Some days I wonder if running this blog is worth the effort.  When it comes to the public’s perception of education in America, the glass is always half empty.  We are constantly being bombarded with words like broken and failing.  More than ever, teachers and schools are being made the scapegoat for just about everything, and the other significant pieces of the education equation—such as parents, educational policy writers, politicians, professors, and society as a whole—are consistently ignored.


There is a lot of negative energy wrapped up in the politics of education.  I make a conscious effort not to get pulled too far down into this muck, but some days, after I crank-off a 700 word article rebutting some point made by some know-it-all who’s never taught a day in a classroom, I find myself becoming cynical.  I apologize for this.  My intent is not to sling mud or call names. 


I write because I want to make things better, because I want the public to see a more accurate version of the objective truth, if there is such a thing. 


I hope the next 100 posts on this blog are just as meaningful and engaging.  I hope they continue to inform as well as entertain, and provide readers with new insights.    


Thanks to all of you who have contributed or commented.  Chalk and Talk is an open forum for all points of view on education.  Feel free to email the address above, or to post your thoughts on any of the articles directly on the comment board.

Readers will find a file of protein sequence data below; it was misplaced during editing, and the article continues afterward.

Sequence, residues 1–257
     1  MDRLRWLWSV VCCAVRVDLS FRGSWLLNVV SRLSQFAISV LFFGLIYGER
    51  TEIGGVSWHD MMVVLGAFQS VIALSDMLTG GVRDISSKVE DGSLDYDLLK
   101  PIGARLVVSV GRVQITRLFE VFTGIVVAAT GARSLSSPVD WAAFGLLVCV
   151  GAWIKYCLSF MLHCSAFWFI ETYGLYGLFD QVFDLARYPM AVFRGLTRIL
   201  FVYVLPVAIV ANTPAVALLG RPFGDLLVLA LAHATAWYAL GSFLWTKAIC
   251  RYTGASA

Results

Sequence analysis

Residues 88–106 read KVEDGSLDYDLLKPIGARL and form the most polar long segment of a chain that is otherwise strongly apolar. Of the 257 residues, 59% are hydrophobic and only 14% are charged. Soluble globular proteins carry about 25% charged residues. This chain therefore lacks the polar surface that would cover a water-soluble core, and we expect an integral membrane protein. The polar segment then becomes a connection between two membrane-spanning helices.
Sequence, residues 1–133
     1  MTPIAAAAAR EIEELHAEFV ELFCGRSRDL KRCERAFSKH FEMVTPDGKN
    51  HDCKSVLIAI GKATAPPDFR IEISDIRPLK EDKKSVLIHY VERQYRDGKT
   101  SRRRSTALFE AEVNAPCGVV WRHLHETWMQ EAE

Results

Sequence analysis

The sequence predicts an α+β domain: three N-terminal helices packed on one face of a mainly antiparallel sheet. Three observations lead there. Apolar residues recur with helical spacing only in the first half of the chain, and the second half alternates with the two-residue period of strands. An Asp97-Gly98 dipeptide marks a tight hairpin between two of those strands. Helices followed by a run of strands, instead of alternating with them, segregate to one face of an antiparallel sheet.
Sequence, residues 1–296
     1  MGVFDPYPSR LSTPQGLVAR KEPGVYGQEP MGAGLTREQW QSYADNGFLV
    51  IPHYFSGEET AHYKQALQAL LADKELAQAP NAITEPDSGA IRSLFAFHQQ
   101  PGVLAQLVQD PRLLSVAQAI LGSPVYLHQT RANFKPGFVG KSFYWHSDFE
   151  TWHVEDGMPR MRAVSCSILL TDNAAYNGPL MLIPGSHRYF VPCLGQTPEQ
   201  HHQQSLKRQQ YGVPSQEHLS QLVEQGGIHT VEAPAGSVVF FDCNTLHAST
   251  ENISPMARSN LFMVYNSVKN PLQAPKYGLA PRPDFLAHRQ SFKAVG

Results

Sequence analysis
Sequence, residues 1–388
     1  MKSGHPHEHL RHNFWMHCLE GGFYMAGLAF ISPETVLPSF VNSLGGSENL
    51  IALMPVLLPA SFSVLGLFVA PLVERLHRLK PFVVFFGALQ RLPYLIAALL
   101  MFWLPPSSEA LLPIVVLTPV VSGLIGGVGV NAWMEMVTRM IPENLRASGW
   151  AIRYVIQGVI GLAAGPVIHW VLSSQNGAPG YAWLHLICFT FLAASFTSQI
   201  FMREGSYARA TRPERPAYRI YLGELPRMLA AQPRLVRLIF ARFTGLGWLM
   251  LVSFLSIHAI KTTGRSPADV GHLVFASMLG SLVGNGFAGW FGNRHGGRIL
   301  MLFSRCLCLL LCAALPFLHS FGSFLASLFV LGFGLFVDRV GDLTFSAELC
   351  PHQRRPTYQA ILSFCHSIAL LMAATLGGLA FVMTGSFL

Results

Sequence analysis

6 thoughts on “Chalk and Talk celebrates 100th post

  1. Chris.

    Congratulations on your 100th entry on Chalk and Talk! What a great accomplishment! I happen to be one of your biggest fans. I am one of those 20,000 plus viewers! While I don’t always leave a reply, I do enjoy reading your entries and the comments that others leave. I find your posts informative and thought provoking and keep your blog bookmarked on my computer.

    I still want to encourage you to consider doing a blog with your students at Swenson. Obviously, you are comfortable at setting up and managing posts and entries on a blog and I think that it would be a great way to get our kids to start writing and expressing their feelings and thoughts. Please think about it.

    Great job!

    • Janet,

      Thank you for the kind words, and for supporting this blog. I have actually started building a blog for our students at Swenson. It’s called “Let’s Debate” and it would focus on current events in the media. I would post an article, and the kids would have to log in, read and respond to the piece, identifying the thesis, supporting arguments, and then giving their opinion.

      I just need to work out the glitches, and make sure their privacy is protected. You are right–blogs are powerful, and technology is here to stay. Might as well get on board with it in the classroom.

      Thanks for writing, and I’ll see you next week. Back to school! Hooray!!


      • Paul,

        Congrats on your centenial post. It’s super impressive, for basically a one man shop.

        I’m thinking of using blogs in the classroom and having my students respond to them.

        Keep us posted on your on how this works out with you and your students.

        You should check out the book “Teaching The New Writing: Technology, Change and Assessment in the 21st Century Classroom.” It’s a National Writing Project and Teacher College Press publication.

        Keep us posted on

  2. Keep up the good writing, Mr. Paslay! As a Philly public school teacher myself, I always appreciate reading your posts.

  3. Sam,

    Thanks for the congrats on the centenial post, and for the resource on using technology in the classroom. Having my students blog will be interesting, and I’m excited to see how it will play out. I will without a doubt share my experiences. Good luck to you on your blogging endeavors with your students.